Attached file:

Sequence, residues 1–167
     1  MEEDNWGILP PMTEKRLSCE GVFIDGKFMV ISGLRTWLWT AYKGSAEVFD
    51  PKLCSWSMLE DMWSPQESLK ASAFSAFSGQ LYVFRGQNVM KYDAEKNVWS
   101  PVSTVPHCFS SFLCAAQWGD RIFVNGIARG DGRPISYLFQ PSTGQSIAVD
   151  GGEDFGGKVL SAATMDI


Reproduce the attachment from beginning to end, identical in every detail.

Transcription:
Sequence, residues 1–167
     1  MEEDNWGILP PMTEKRLSCE GVFIDGKFMV ISGLRTWLWT AYKGSAEVFD
    51  PKLCSWSMLE DMWSPQESLK ASAFSAFSGQ LYVFRGQNVM KYDAEKNVWS
   101  PVSTVPHCFS SFLCAAQWGD RIFVNGIARG DGRPISYLFQ PSTGQSIAVD
   151  GGEDFGGKVL SAATMDI